It’s the Wind; Always the Wind

July 15, 2022

My family heritage is half Irish and half Southern Italian; Neapolitan to be exact; from Castellamare di Stabia to be precise. My Irish side has its…quirks, but nothing…and I mean nothing, beats the Italian superstitions that came from my mother’s side of the family.

I was just in Italy working for two glorious months, from Rome to Naples to Pompeii to the Amalfi Coast and while the work was great fun, it was hard as we had no ‘off time.” Circumstances dictated that we went from activity to activity, from filming to hosting group, after group, after group.

We began our journey producing for our tv show in Rome (for the 2023 season), Naples and Pompeii, in the streets, amid the chaos that is high season in Italy in a premature, un-natural heat wave with temps soaring to 100o F nearly every day. I will say this: people who think filming on location is an easy job should try it sometime. Was it fun? Yes, absolutely magical. Was it hard with long, hot days and working amid crowds? Yes, absolutely.

From filming, we moved right into travel mode, hosting three wonderful groups back to back. Was it fun? Absolutely. Was it hard? Let’s just say that midway through the last group, I went down for the count; in bed for three days, absolutely done in.

And now the point of all of this.

When I arrived in Ravello in early June, it was blistering hot. But the evenings and nights were crazy cool, maybe even chilly. So one evening, some friends, my husband and I sat in the piazza at an outdoor café, enjoying people watching and a glass of wine. The next day, I had no voice, nothing.

“You were in the square last night?” asked Margherita, the lovely owner of the villa where we stay (who has become like a little sister to me).

“Si,” I confessed.

“No scarf?” she continued.

“No,” I confessed again.

“You’ve lost your voice to the wind,” she concluded.

And then when I took to my bed for three days, despite hosting a group of fourteen guests, she told me that it was all too much and at this point, my body just said “basta” (enough). And I would recover when my body was ready, so I was to drink lemon water and rest, which I did and I recovered in three days.

In Italy, there’s a plethora of idioms, traditions, customs, superstitions and wives’ tales that make Italian life so wonderful (and sometimes confusing but always amusing…)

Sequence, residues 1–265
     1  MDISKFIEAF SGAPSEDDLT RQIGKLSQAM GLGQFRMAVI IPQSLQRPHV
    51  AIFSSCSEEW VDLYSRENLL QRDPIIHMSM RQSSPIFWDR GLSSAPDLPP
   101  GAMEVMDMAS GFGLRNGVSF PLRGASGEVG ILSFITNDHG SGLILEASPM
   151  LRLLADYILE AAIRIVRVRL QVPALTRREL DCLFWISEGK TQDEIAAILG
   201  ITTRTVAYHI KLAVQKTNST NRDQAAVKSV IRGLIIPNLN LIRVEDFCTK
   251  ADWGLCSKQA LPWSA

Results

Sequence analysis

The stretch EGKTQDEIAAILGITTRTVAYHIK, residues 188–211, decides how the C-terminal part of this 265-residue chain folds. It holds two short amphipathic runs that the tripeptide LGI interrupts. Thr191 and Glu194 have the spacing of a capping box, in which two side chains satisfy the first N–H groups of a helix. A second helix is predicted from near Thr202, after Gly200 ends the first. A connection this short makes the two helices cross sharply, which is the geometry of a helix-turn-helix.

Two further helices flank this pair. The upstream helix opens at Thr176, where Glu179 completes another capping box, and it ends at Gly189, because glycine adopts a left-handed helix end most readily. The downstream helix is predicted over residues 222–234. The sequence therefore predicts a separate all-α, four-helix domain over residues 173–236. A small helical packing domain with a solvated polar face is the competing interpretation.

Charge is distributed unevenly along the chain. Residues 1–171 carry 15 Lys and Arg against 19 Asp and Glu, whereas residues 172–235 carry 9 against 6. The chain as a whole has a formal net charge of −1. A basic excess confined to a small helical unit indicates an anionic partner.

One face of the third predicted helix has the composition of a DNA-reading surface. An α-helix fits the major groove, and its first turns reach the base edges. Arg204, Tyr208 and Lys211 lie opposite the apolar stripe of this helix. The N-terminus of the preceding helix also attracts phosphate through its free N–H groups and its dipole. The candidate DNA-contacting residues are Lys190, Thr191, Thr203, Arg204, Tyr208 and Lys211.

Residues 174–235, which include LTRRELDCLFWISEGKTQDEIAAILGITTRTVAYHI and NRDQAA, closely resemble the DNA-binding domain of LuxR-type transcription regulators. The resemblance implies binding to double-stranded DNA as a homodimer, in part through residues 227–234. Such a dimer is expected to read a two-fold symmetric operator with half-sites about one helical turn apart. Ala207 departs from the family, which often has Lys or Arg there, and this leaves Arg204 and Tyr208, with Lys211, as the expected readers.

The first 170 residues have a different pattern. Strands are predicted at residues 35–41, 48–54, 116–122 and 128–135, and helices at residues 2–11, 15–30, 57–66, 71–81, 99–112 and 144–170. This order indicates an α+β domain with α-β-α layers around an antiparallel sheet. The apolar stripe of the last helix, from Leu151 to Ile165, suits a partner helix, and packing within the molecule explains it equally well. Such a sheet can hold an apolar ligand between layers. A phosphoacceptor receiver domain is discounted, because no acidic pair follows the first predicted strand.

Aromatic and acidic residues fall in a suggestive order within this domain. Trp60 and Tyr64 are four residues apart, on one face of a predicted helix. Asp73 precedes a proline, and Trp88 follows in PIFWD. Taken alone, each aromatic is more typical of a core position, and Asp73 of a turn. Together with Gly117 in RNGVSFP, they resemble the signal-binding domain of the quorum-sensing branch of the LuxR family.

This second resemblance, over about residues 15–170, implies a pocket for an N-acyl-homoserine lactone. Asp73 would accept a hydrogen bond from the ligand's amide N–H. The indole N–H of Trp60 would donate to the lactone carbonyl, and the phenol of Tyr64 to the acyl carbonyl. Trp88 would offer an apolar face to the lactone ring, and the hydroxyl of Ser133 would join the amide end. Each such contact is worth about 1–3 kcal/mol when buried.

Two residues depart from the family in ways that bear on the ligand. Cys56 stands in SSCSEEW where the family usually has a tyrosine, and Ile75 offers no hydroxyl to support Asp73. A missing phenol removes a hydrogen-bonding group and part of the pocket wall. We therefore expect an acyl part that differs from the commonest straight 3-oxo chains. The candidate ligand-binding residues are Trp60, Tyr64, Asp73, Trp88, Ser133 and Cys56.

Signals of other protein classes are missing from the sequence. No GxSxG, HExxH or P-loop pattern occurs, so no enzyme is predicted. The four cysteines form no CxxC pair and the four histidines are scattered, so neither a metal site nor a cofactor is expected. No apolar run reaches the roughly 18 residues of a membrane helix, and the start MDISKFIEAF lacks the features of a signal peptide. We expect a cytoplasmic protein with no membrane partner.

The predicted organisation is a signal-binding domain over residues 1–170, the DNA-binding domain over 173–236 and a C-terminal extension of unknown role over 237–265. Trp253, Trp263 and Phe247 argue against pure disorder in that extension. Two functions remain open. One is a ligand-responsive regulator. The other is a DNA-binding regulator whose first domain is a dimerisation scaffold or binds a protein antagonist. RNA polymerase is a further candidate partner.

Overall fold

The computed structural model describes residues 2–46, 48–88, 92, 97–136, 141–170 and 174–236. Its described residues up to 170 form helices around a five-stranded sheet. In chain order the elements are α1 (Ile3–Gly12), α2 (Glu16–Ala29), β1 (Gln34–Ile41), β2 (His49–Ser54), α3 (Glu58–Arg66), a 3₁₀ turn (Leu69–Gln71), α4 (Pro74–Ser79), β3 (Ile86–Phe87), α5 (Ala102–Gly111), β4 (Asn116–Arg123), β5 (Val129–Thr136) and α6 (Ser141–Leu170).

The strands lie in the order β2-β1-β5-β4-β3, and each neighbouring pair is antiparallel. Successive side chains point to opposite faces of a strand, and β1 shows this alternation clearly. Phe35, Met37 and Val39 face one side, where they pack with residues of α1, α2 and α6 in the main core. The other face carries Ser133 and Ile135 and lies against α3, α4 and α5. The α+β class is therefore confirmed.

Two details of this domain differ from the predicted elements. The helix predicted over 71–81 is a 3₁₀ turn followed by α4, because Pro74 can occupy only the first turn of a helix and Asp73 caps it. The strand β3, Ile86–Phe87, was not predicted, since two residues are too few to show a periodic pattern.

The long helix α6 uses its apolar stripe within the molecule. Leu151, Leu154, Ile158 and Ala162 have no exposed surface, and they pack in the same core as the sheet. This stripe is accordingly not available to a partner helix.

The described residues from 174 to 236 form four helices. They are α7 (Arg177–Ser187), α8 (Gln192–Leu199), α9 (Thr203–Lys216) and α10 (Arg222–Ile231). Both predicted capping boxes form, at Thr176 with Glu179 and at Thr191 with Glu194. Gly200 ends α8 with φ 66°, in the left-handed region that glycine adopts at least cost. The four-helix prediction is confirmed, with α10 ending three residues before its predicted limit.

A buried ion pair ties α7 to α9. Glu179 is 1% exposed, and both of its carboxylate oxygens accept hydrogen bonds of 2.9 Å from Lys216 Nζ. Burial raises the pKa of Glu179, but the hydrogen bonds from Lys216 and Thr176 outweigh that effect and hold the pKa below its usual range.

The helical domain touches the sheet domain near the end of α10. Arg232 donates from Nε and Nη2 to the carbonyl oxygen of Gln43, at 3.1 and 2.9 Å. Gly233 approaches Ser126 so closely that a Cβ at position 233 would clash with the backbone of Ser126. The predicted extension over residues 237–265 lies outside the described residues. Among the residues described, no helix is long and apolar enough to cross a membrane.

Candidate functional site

While these…conventions vary by region, even by village, they permeate how Italians live and move through their world. And here’s the best part…each one of them contains a kernel of truth.

My family was steeped in religion and superstition. See if any of these are familiar to you:

  1. No hats on the bed as it invites bad luck, as evil spirits can drop from your hat (which you wore outside) and lay where you will sleep. It was also custom that a priest would lay his hat on the bed when he came to minister last rites to a dying person, so a hat on the bed invites death.
  2. No new shoes on the table (because in many cultures, shoes are associated with bringing outside energy into your home, but new shoes on the table is a new level…do this and you’ll quarrel with someone, lose your job or simply have bad luck for the rest of the day)
  3. While in many cultures, 13 is considered ill luck, in Italy, it’s 17, which is connected to Roman times where an anagram indicated “I have lived” and so 17 is considered bad luck because you know…death.
  4. When you sweep the floor be careful of women’s feet. Legend says that an if a broom sweeps over the feet of a single woman, she will never wed.
  5. Eat lentils on the New Year and on New Year’s Eve as their coin-like shape is said to bring you wealth in the coming year (and heart health since they are great for your ticker).
  6. The Evil Eye or Malocchio comes from ancient wisdom that held that eyes carry great power. You know; windows of the soul and all. The malocchio is said to land on you if someone looks at you with jealousy or envy or with bad intentions. Often people are ‘protected’ from evil intent by wearing “la corna,” a red or gold horn-shaped amulet. But…be sure that the horn is gifted to you as buying one for yourself reduces your good luck.